Awaiting the watershed: women in Canada's parliament.

Author:Godwin, Matthew K.
Position:Column
 
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The Canadian House of Commons in 2009 included sixty-nine female Members of Parliament, (roughly 22% of the seats). Canada is ranked next to Mauritania in 48th place for the number of women in its national assembly in a InterParliamentary Union study. Some countries have proven that states can raise the number of female legislators virtually overnight. This process of rapidly increasing female representation in only one election has been described as a "watershed". This paper will discuss the possibility of implementing viable policies to create a gender watershed in Canada. It discusses the philosophical and ethical questions related to women's representation, explores various determinants of women's election to office as put forward in the literature, and finally argues that if certain conditions hold a gender watershed is possible in Canada.

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A watershed will almost certainly come in the form of a gender quota, which still raises ethical issues in Canada. For this reason, it is necessary to explore the issue of women's representation more broadly going back to the writings of one of the most influential thinkers about parliamentary government.

The Ethics and Philosophy of Representation

Writing in the second half of the 19th century, John Stuart Mill was a reformist who argued forcefully in his Subjection of Women for women to possess full and equal rights, and that it was their subjection to men that robbed the Britain of his day from growing into a more enlightened society. However, it is his treatise, Considerations on Representative Government, that better makes the argument that a truly democratic system must reflect the society and the electors that comprise it. Firstly, he accepts the Burkian argument that democratic systems must evolve slowly, but he adds that they must also change to be legitimate. He suggests that a legitimate government must be supported by the people symbolically, not simply through the act of voting. Truly representative governments must involve a conglomeration of all the best and most persuasive ideas. Finally, Mill argues that the interests of citizens may only be effectively represented if those citizens are represented in Parliament themselves.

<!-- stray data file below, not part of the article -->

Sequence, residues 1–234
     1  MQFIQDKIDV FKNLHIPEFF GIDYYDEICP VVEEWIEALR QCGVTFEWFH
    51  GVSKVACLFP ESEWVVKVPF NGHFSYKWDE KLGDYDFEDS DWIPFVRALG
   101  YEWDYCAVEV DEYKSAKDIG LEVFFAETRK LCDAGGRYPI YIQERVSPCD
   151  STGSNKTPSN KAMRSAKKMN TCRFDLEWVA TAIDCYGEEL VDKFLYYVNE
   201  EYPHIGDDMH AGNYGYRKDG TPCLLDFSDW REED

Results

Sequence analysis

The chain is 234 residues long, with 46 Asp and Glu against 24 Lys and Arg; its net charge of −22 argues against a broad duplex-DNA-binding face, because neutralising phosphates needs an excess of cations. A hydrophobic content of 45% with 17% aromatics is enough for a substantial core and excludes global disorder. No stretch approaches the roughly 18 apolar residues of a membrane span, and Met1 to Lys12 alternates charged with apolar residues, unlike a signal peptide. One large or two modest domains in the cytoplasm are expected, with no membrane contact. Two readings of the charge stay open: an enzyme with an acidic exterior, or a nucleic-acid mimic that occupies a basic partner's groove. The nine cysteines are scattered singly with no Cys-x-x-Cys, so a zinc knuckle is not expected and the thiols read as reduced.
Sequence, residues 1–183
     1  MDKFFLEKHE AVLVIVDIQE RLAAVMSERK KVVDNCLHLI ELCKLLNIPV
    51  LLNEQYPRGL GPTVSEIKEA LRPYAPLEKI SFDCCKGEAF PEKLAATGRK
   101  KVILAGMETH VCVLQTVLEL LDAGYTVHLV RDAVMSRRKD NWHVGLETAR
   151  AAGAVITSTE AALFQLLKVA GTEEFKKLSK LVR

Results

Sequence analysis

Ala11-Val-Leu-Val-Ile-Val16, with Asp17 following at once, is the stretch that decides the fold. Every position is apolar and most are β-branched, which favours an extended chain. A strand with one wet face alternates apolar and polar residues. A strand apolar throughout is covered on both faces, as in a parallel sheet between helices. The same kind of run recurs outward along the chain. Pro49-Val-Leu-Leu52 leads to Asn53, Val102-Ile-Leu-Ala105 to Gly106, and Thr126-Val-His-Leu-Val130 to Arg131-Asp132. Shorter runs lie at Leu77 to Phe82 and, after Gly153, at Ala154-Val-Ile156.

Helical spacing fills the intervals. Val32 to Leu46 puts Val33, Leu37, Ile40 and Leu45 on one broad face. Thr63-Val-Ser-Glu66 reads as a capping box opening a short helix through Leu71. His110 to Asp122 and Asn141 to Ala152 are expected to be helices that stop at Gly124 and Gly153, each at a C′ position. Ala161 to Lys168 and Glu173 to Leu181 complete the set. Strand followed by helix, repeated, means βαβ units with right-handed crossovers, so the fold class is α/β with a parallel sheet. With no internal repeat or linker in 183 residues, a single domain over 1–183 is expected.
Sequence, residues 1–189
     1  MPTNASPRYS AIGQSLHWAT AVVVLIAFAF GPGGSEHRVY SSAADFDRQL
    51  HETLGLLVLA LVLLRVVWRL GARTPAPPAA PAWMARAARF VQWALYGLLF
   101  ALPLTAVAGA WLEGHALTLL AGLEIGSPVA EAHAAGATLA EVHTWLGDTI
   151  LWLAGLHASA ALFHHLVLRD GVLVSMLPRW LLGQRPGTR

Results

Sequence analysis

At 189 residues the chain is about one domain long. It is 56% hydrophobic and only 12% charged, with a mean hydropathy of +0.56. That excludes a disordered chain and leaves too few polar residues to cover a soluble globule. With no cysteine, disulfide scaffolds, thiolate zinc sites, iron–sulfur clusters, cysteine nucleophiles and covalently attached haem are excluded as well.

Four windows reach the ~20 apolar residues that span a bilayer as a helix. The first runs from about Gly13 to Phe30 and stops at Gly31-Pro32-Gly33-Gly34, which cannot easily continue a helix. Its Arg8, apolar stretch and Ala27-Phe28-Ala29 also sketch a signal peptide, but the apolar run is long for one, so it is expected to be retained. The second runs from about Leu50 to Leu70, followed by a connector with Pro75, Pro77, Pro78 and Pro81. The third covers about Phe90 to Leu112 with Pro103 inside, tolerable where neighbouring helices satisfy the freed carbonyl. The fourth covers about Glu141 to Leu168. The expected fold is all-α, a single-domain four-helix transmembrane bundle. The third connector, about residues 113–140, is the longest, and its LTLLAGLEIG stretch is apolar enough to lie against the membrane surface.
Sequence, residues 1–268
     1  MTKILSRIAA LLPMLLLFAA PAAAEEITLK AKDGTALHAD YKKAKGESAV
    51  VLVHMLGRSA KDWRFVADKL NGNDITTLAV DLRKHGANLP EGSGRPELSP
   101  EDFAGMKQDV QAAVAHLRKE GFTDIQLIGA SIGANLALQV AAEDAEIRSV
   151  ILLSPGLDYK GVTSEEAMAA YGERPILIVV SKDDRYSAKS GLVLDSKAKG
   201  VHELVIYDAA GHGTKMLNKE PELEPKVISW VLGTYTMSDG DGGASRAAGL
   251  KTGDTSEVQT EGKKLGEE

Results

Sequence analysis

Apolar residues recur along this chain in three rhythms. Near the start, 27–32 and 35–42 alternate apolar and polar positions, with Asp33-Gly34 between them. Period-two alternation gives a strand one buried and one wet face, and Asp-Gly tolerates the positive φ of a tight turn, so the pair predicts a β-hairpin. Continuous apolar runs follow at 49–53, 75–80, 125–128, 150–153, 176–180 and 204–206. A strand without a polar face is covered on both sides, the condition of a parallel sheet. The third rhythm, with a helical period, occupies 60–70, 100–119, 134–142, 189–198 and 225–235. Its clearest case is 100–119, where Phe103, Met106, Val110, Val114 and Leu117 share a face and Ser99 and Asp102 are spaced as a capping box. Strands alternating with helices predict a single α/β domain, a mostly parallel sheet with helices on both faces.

Similar to arguments by Thomas Paine, Mill suggests that governments are the product of social circumstances at the time of the election. Those who win, and form government, do so because authority is vested in them by the electors and neither politicians nor philosophers, as he puts it, can alter this decision. However, he supplements this statement by offering that once this power is conferred through the granting of authority, alterations to the system may take place. Government, furthermore, is a creation of people, and thus it may be changed by people. It should never be a stagnant, moribund entity that can never be changed by the will of those who form it.